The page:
If you’re connected to the publishing world, you’ve probably heard about the plagiarism scandal this week involving an “author” (you’ll understand why I put that in quotes in a moment) named Cristiane Serruya. If you haven’t heard of it, you can read recaps from Courtney Milan here, Ilona Andrews here, and Nora Robert here. There’s also a #CopyPasteCris hashtag on Twitter.
To sum up, it was discovered that Cristiane Serruya’s books were Frankenstein-like compositions of plagiarized passages from over two dozen other authors’ books. When called out, Cristiane initially denied it. Then, in the face of mountains of evidence, Cristiane claimed that SHE didn’t plagiarize; someone in her stable of ghostwriters who actually wrote her books did!
You read that right. Her excuse was that she didn’t write her own books.
This didn’t get Cristiane out of trouble, of course. It also doesn’t appear to be true, according to more than a few of her ghostwriters who came forward. But, the appalling plagiarism aside – and the plagiarism is APPALLING in its breadth and scope – it also created a new discussion that I’m weighing in on:
Is it ethical to have ghostwriters write your books?
Before I unpack this, some disclaimers: I have nothing but respect for ghostwriters. They’re working hard for sometimes pennies on the dollar, all without getting recognition for their hard work. Also, sometimes, it’s understood that the author on the cover isn’t the author who wrote the book. Celebrities and politicians are notorious for using ghostwriters for their memoirs, for example. In other cases, an author dies but the family wants to continue that author’s works, like V.C. Andrews, whom Nora Roberts referenced in her post linked above. There are also many work-for-hire projects. One example is The Vampire Diaries, owned by Alloy Entertainment. L.J. Smith wrote the original books, but Alloy later hired other authors and ghostwriters to continue the novels. All that type of ghostwriting is NOT what I’m talking about.
I’m talking about fiction authors using their names as “fronts” for books they didn’t write. Cristiane was far from alone in this practice. Kindle Unlimited has given “authors” like this a place to thrive, though this practice sadly isn’t limited to KU. In order to keep up with reader demand – and to gain those coveted Amazon promotional algorithms – these “front” authors use ghostwriters to churn out multiple titles a year.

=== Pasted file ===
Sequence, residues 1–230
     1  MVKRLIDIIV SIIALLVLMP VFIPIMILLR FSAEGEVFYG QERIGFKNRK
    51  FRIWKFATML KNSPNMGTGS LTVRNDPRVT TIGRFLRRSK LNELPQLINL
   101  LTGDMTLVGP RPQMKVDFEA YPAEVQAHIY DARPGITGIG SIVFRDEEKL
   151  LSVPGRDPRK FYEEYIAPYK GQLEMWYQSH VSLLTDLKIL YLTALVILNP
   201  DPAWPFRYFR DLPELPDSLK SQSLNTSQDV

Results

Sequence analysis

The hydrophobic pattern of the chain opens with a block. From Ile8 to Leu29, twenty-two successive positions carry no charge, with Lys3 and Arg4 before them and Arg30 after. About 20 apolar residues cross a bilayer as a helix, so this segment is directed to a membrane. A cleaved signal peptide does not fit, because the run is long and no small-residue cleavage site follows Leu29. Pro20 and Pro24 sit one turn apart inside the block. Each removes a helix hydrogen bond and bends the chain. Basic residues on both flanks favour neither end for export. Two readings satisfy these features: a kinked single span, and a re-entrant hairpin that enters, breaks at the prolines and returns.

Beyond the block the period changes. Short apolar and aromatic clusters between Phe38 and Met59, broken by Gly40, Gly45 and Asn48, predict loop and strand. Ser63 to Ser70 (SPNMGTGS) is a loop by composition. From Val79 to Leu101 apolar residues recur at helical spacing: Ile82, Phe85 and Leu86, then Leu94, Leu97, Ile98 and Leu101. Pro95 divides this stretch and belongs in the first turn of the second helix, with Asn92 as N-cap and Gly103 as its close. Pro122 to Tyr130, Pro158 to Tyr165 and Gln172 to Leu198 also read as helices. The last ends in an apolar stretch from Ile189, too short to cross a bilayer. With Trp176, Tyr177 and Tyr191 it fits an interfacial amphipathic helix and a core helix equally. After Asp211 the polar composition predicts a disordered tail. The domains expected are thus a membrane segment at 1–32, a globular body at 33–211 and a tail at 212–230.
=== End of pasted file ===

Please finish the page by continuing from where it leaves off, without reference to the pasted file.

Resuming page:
Is it legal to put your name on a book you didn’t write? Well, if you hired a ghostwriter who signed away their rights to the story, then yes, it’s perfectly legal. Is it ethical? That’s what some people consider a gray area.
Some say yes. What’s the big deal, they ask, if Author A doesn’t want to write the story? As long as it’s her story idea to begin with and it’s legal, why should it matter if she didn’t write the book?
I can understand why some authors would prefer not to do the actual writing. It is a hell, hell, HELL of a lot easier to write an outline than an actual book, and that is coming from someone who hates outlines with the fire of a thousand suns. But outlines typically take a week or two, whereas writing an entire book can take a few to several months (or longer.) Writing a book word by word, page by page, chapter by chapter is, after all, where the real work lies. It’s also where the story lives or dies. I could write a dynamite outline that resulted in a “blah” book, and readers will give me zero credit for the outline because the book is all that matters. Ideas, outlines, character boards, setting research and any other prep work might be an integral part of starting a book, but they are not the same as writing a book from beginning to end. (If they were, my backlist would increase by leaps and bounds overnight!)
But they’re not, so even if the author provides the idea or the outline to the ghostwriter, I fall on the side that thinks it’s unethical not to disclose to readers if a book was written partly by, or in full by, someone else. I’d add especially in romance, where the author’s name is often their brand. It’s very easy to add another author’s name on the cover, after all. Or mention it in the bio, or in the Acknowledgements page, or anywhere else in the book. Even if the ghostwriter preferred to remain anonymous, the publishing author could still disclose that there WAS another author involved in writing the book. If there’s no deliberate intent by the publishing author to deceive readers, why conceal the truth about who really wrote some/part/all of the book?
Nora Roberts, in her post linked above, put it this way: “The reader deserves honesty. The reader’s entitled to know she’s buying the author’s–the one whose name’s on the book–work, not somebody that writer hired for speed or convenience.”
I agree, and in case anyone wondered, I write all my own books. Every. Single. Word. It takes a helluva long time, and there are days when I would rather drill my own teeth than write, but it’s my name on the cover, so it’s my work on all the pages. Should I ever decide to collaborate with another writer (and there’s nothing wrong with collaborations, some of my favorite books are co-written!) you’ll know it, readers, because then you’d see my name and someone else’s name on the cover. Or, at minimum, you’d see it disclosed elsewhere in the book, if the other author insisted on remaining anonymous.
It’s what that other author’s hard work would deserve, and most importantly, I think it’s what you deserve too, readers.